Romania – a path to personal development

I came to Romania in 1977 already, my parents decided to go for unusual winter sport locations and so we found ourselves in a Tarom flight to Bucharest. At that time I was only 14 and have never been so far into Eastern Europe before.

What a strange moment when we arrived at the airport, soldiers everywhere, I understood that this is not Austria or Germany here. After a night in a big communist hotel we left for Poiana Brasov by bus and I only remember how dark everything was looking through the windows. The holidays where great in terms of snow, hospitality and human relations. I learned to ski and owe this to the excellent ski teachers there. At that time, I could not know that I will touch ground with this country again.

26 years later, in 2003, I had the next encounter with Romania. I was offered a management position in a German publishing house in Bucharest. In my previous activities, I already spent 11 years in France, some years in Germany and one year in Serbia. Of course I was dreaming of Paris, Madrid or London and than a place was available here. I was not excited to be honest, I feared to be too much detached from the head office and to be finally forgotten. Eastern Europe was not supposed to be a glorious location, still it was the only region in Europe where growth was to be expected. So Romania was not a deliberate choice, at least not from me....I remember my farewell party in Germany, where people wished me luck and asked me if I would need a bodyguard down there...Still until recently, visitors and friends where feeling uneasy about a trip to Romania but then lost all their fears once they discovered the real Romania.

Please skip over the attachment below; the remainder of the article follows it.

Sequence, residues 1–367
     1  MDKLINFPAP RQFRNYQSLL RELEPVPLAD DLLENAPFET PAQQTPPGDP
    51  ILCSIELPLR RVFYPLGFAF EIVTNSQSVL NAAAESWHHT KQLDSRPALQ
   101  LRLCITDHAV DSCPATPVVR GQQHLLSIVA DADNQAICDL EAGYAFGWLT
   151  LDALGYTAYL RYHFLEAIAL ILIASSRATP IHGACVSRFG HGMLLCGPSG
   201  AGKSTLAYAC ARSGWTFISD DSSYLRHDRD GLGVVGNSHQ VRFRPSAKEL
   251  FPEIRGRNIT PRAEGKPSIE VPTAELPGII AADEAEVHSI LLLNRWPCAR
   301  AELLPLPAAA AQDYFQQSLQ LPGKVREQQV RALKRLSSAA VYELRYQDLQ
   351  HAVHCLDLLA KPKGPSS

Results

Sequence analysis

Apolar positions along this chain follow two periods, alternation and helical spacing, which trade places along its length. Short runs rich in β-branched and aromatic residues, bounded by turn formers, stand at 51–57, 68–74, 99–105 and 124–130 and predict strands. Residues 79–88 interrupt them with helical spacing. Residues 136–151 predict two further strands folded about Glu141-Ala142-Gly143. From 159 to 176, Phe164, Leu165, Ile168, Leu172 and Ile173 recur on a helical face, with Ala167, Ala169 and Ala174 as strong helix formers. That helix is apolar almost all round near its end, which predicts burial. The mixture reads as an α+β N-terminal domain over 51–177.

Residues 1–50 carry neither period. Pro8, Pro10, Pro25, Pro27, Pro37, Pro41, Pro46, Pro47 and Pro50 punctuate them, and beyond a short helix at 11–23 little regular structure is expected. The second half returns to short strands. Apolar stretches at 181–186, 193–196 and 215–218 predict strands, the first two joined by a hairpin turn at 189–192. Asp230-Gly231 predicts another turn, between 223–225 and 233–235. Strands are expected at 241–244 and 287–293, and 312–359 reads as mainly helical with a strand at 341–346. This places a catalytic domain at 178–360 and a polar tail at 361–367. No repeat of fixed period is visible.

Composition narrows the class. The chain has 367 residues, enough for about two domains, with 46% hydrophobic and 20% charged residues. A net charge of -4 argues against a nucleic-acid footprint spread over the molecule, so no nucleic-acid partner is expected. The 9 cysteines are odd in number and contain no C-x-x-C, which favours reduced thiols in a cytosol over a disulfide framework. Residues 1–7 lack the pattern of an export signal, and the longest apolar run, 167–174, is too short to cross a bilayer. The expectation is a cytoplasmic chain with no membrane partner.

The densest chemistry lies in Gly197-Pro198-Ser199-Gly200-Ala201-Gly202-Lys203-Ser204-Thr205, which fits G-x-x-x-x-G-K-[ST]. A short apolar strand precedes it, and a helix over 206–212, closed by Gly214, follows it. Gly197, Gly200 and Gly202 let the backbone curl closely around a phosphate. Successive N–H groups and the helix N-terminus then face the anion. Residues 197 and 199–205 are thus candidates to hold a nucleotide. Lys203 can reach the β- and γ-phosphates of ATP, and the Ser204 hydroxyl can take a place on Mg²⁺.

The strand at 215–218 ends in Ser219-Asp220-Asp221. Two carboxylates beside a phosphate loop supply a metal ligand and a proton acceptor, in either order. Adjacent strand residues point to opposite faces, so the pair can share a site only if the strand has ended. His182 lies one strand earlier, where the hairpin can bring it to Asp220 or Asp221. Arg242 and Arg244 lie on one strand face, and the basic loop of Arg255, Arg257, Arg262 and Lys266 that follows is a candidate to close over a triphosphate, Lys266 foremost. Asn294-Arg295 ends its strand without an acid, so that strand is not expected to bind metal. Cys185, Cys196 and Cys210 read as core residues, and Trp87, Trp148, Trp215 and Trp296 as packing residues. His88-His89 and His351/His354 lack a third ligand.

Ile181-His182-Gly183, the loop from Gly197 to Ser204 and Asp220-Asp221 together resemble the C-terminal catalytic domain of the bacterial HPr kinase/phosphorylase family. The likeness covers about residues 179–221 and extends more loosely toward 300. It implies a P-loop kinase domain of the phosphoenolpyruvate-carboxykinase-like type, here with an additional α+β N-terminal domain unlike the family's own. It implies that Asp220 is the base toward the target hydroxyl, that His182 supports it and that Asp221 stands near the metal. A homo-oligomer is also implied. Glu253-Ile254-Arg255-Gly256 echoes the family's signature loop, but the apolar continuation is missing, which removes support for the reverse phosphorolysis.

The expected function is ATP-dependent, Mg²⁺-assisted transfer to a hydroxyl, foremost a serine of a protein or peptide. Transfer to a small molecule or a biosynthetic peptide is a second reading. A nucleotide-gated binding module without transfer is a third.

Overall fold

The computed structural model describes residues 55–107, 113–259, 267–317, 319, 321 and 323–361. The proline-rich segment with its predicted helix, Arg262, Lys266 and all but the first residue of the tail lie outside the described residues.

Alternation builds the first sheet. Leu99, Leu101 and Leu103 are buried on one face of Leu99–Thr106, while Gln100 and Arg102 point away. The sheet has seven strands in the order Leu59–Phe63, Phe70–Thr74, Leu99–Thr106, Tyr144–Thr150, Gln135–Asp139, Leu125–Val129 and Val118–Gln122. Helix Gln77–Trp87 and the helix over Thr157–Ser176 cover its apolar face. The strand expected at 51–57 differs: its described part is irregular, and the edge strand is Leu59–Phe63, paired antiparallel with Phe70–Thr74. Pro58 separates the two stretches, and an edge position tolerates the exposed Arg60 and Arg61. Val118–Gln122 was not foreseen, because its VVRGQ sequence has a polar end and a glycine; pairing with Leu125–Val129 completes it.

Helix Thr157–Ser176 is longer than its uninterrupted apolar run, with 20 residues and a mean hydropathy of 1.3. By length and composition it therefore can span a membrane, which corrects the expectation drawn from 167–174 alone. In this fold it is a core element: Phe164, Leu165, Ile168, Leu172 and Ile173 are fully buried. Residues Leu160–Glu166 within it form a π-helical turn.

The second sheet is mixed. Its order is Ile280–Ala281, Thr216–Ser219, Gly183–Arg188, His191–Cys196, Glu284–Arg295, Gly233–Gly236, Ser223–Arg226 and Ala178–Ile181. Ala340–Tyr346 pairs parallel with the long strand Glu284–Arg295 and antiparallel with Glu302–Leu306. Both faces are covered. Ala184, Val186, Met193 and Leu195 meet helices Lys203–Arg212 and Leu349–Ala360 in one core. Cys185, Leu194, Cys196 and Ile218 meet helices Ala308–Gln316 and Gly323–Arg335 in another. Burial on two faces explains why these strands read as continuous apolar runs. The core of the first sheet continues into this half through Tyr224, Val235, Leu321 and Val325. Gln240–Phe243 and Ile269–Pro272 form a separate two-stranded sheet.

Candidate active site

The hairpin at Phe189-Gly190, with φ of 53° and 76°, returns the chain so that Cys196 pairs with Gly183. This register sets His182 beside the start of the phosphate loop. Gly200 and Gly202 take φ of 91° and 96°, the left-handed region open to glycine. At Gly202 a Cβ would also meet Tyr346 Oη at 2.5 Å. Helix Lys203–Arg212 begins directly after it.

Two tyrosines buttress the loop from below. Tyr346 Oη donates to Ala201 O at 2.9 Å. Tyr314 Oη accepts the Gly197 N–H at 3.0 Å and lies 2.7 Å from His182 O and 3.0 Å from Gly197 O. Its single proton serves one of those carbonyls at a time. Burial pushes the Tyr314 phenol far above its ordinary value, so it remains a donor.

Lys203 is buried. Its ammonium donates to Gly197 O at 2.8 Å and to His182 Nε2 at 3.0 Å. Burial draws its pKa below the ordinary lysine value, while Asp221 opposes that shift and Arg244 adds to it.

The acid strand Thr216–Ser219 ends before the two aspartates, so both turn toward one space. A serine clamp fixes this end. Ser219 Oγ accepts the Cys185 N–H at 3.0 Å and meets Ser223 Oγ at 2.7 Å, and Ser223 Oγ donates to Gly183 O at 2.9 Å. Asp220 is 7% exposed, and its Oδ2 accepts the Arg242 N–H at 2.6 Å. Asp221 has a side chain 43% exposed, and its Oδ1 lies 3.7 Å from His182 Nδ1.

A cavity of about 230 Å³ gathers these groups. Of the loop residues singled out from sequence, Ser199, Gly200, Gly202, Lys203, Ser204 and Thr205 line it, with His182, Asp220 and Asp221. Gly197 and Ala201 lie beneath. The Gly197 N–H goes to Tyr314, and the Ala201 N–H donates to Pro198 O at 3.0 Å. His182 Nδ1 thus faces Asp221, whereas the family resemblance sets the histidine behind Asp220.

During the first days when I started my job as General Manager, I was somewhat lost, I stayed in a hotel on calea victorie, thinking about what to do, how to find my place here and also what to do with the fragile company in a fragile market I was supposed to turn around. I was wondering, if it was the right decision to come down to this place. I was thinking of all my friends in comfortable positions in Germany.

In the beginning of my assignment, I travelled regularly between Munich and Bucharest, enjoying both worlds in parallel. Later on, traveling to home became more rare and I felt more and more at home here.

My new collaborators in the company were friendly, still they were waiting now for concrete signs to move forward. I did not have much time. The first days and weeks I spent on understanding what the business is, the players and also what to do next in terms of operational decisions. I started to build up a network, went to all events I was invited to and presented myself everywhere. My initial fear of not seeing where the road would lead me to faded away and made space for curiosity and a refreshing spirit of initiative. I felt like new born, able to do nearly anything.

In that line of thought, in the summer of 2003 I started to realize the charm of this new assignment, develop, restructure, launch new magazines, buying a local publishing house and integrating it in ours. Only after some weeks we started to create an initiative with the publishers to negotiate with the Government for a reduction of VAT for print products, which was normal in other countries around us. I felt an incredible energy and the freedom to do things right now without obstacles and limits put on you by the corporate rules of the head office.